Japan Honeymoon – 50%

It’s pretty lame to start every post with a jetlag update.  But, seriously, both people waking up to the morning at 11:58pm was not funny.  We lay down less than 3 hours ago!

Mixing half-ass attempts to sleep, shower, and magazines, we killed enough time before getting breakfast from 7-Eleven at 4:30.  Oh thank heaven.  Then we took our first nap of the day until like 8am.

The first destination of the day was Fushimi Inari Taisha, the head shrine of the Shinto rice god.  For some reason, few travel websites mentioned this place and most Kyoto maps didn’t include it.  However, it was one of the the most representative places in Japan, with its thousands of red torii gates covering the foot paths over an entire mountain – a scene in the movie Memoirs of a Geisha was filmed here.  We had a good hike about 1/10 into the trail… and we saw enough.

Our feet still hurt from the day before, and hiking up an mountain didn’t make it better.  The human body is a incredible thing such that it can compensate one part with other parts, so my pain in one foot eventually became pain in both feet and both knees.  Yipee!

After some mid-day takoyaki, we took a bus to Kinkakuji, the Zen Buddhist temple of the golden pavilion.  This attraction did not waste our time – immediately after paying the entrance fee, we were greeted by this gold-covered building shining in the sun.  To me, though, it was one of those attractions where physically visiting and reading about on Wikipedia don’t make much difference.  It’s not like they let us touch the gold, you know.

Riding on the bus was pretty much the same experience as everywhere else, with one unique thing: when coming to a full stop at a red light or a bus stop, the driver always turned the engine off.  It was weird to hear the complete silence as if the bus stalled.  Wouldn’t this be really energy inefficient?  Or was this a practice geared at minimizing pollution?  As a driver who frequently tailgate buses and trucks, I think I can appreciate this.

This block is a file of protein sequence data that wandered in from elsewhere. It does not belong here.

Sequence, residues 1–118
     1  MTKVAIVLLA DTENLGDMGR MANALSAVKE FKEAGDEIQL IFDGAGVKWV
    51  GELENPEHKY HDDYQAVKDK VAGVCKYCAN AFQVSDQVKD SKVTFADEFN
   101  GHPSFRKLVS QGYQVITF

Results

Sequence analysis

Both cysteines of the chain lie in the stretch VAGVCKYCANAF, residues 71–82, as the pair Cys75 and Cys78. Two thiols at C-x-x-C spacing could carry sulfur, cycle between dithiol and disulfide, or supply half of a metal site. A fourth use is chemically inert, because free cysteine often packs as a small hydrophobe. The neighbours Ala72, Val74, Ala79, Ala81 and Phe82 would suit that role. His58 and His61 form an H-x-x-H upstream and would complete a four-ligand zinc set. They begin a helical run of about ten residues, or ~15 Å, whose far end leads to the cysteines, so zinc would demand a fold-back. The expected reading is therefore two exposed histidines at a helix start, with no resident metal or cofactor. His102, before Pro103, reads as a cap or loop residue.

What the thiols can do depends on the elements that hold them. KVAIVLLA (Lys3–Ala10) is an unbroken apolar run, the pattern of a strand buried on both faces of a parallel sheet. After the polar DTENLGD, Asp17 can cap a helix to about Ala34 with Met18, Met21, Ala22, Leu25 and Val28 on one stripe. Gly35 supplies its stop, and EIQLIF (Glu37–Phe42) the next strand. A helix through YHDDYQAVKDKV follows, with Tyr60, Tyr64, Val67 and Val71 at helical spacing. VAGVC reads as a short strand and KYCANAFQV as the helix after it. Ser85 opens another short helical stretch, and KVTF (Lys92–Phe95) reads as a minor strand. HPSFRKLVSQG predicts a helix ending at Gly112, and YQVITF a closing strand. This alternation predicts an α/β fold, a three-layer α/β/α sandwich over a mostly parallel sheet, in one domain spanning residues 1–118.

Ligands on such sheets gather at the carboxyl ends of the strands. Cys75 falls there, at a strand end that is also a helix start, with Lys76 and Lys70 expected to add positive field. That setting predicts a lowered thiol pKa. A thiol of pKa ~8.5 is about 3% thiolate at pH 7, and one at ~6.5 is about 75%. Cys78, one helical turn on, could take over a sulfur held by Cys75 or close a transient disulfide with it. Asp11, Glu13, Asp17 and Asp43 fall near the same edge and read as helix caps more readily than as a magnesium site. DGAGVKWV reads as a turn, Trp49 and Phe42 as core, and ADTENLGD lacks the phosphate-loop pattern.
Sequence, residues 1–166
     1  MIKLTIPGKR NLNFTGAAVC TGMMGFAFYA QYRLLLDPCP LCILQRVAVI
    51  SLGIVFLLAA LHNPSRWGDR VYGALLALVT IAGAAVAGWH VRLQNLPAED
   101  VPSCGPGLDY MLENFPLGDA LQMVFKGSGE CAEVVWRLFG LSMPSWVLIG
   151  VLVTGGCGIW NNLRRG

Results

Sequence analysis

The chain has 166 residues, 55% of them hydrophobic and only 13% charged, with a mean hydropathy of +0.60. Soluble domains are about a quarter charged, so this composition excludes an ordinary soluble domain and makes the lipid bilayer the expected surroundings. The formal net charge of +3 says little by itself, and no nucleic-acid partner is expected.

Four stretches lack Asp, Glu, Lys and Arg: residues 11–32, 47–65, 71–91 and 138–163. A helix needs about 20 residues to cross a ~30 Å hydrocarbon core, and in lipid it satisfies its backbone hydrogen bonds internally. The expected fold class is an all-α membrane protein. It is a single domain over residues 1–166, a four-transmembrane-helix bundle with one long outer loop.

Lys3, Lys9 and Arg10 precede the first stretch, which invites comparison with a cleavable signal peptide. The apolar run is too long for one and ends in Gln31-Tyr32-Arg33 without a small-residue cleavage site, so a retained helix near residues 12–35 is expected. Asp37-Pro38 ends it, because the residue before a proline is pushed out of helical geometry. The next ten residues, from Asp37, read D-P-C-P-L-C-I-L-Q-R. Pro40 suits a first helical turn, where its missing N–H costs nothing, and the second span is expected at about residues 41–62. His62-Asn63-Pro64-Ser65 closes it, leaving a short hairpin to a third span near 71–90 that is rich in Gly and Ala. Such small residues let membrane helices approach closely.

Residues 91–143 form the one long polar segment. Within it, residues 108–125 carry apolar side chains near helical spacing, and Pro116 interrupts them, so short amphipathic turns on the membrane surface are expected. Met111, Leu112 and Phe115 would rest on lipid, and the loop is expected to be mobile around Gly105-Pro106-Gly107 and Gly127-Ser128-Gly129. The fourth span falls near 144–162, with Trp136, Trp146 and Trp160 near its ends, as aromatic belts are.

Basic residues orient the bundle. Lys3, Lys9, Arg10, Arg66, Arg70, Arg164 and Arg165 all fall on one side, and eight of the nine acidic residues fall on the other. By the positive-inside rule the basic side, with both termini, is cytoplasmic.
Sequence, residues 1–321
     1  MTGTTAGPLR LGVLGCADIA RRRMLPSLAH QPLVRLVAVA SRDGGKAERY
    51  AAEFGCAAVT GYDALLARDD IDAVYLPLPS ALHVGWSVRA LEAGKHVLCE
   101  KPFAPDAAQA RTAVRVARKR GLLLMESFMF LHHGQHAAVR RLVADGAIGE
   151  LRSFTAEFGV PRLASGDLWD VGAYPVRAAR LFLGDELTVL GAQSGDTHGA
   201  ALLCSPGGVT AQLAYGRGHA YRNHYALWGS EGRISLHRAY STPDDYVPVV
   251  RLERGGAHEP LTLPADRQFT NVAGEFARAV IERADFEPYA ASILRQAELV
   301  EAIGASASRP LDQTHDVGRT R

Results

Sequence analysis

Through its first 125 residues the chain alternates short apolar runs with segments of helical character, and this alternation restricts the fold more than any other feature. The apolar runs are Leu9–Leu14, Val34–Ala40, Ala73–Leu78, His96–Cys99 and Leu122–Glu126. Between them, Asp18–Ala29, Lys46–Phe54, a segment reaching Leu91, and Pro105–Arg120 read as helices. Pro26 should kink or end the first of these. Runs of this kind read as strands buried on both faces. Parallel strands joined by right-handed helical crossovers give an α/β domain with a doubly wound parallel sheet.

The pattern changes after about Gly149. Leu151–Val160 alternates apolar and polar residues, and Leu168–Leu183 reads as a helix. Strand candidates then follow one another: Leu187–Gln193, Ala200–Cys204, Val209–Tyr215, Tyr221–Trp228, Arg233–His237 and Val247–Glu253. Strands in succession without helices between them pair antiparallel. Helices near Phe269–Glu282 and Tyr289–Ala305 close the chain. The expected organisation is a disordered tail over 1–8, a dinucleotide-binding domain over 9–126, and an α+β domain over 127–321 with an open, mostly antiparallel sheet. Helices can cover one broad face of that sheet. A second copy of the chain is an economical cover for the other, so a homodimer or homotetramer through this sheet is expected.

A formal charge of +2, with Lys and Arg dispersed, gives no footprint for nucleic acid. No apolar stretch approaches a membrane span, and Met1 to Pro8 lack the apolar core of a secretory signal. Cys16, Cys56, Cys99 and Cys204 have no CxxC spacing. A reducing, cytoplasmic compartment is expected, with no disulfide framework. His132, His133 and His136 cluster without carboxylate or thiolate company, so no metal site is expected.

Thirdly, we visited Kiyomizudera, the Buddhist temple with a huge wooden platform.  This structure was among the 21 finalists for 2007’s New Seven Wonders of the World selection.  It was on a hill with a good view of the entire Kyoto, which meant more stairs and slope climbing for our burning feet.  It surely was impressive, but I’m not convinced that it deserved to be among the world’s top wonders.

We saw large groups of students everywhere today, mostly likely due to the Culture Day holiday activities.  It was very nice seeing youthful people in school uniforms because they reminded me of the childhood that I had and the high school years that I missed.  Scary to think that my age has doubled since then!

On the way out of Kiyomizudera, someone stopped us with a question in Mandarin with a weird accent.  Turned out to be a small group of Japanese people learning Chinese that just wanted to greet us, and perhaps practice having a dialogue a little bit.  It was a nice and friendly encounter.

Since we were already in the Higashiyama region, we checked out Gion and ate an okonomiyaki dinner nearby.  It was hard to say that we got enough enjoyment out of it to justify the sharp pain that came with every step.  I was kicking myself (only if I could) for not bringing Tiger Balm on the trip.  The good news was that we easily found it at a local drug store; the bad news was that a standard-size container of it cost over 11 freaking US dollars.  That’s like 4 times the average price I’ve paid for Tiger Balm!  This Japanese version better have crack in it!

The foot pain put us to bed by 7pm.  Yeah like that’s gonna help with adjusting the jetlag.